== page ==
On the other hand, intrinsic factors seem to have more importance in justifying the possible causes of why women suffer more ACL ruptures. These factors could be classified into anatomical differences, hormonal influence, biomechanical differences and distinguished neuromuscular control between men and women.

To begin with the anatomical differences, we found a crossing area of ligaments between femur and tibia that is smaller in women than in men, in addition to a lower ACL volume in women [8]. These characteristics are supposed to increase the ligament laxity that is also accentuated by the hormonal influence during the menstrual cycle of the women. During the ovulation and follicular phases, the increase of progesterone and estrogen could suppose an increase of the laxity and a reduction of the stiffness of the joint increasing this way the risk of ACL rupture [6,7,15].

Another of the anatomical differences between women and men, which goes hand to hand with the biomechanical causes is the Q angle, that is greater in women for having a larger pelvis, as previously described at the end of the results section. This characteristic tends to increase medial stress on the knee ligaments [12]. Therefore, those athletes who have an increased Q angle are more likely to suffer an ACL rupture.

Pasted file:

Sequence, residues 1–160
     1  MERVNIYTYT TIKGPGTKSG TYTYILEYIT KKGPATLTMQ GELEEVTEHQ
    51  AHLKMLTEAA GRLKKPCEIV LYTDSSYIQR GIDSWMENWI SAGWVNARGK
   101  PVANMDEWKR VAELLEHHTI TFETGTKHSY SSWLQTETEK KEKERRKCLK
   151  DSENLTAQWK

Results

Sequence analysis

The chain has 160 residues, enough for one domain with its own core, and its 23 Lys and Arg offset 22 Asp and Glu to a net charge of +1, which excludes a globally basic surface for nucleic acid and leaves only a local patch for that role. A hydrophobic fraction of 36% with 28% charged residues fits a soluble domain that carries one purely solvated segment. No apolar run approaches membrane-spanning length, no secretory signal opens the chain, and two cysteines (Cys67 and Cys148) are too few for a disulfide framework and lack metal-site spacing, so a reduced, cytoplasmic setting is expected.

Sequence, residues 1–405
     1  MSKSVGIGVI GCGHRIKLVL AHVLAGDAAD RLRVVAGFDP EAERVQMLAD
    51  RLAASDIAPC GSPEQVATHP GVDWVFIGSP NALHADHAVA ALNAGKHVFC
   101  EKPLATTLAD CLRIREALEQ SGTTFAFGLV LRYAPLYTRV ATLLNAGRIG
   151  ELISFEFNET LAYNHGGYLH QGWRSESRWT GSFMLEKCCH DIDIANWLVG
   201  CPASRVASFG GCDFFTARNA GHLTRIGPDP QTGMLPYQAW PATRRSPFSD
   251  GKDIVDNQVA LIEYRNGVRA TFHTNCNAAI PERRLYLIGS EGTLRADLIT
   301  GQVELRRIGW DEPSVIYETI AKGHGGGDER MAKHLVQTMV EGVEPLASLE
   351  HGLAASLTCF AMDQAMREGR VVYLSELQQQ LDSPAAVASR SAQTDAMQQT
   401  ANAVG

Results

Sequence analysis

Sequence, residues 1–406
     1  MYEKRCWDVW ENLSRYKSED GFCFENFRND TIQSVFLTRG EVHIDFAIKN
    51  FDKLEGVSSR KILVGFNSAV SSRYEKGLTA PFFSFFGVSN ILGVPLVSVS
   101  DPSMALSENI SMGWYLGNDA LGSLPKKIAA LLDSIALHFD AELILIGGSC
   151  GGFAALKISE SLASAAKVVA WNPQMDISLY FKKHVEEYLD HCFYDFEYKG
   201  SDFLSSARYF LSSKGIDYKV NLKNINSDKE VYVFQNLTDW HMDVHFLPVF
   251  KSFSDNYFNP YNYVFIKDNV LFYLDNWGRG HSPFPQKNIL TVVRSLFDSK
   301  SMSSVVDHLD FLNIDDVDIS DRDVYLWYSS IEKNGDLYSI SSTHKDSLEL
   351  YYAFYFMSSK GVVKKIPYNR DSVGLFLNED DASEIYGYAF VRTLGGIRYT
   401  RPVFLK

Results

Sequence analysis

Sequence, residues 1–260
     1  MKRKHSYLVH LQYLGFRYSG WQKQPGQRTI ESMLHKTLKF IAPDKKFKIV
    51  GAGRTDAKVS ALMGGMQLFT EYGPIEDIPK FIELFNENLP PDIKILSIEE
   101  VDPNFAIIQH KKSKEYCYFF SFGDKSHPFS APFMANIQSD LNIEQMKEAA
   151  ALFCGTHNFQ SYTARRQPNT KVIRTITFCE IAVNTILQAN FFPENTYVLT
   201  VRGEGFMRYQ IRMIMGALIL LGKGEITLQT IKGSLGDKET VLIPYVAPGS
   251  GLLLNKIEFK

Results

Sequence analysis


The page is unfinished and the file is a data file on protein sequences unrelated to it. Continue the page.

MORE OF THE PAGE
Finally, according to some studies made by McLean, it is possible to verify that as a biomechanical factor related to neuromuscular control, in female subjects stopping quickly after running, there is a delay in the activation of the hamstrings compared to the quadriceps, as previously explained. This event involves a greater anterior displacement of the tibia and a pronounced valgus in the knees, which increases the stress on the ACL [12].

After this evaluation, being able to verify that women have a greater risk in this type of injury, it would be necessary to increase the prevention, especially in sports, and decrease the neuromuscular imbalances [16], such as the predominant use of the dominant leg or quadriceps, increasing the conditioning of the hamstrings [15]. In addition, it is important to improve the techniques of turns and pivots that cause torsional damage, as well as deceleration techniques, such as landing after a jump or a sudden stop.

In conclusion, the anatomical, biomechanical and neuromuscular control aspects that differentiate women and men are the ones that demonstrate the best, that female athletes have a greater risk of suffering an anterior cruciate ligament injury.


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CASADO M, SEIJAS R, PEREZ-BELLMUNT A, NAVARRO R, RAGAZZI P, et al. (2019) Epidemiology of Primary Anterior Cruciate Ligament Ruptures in Men and Women. Int J Sports Exerc Med 5:114.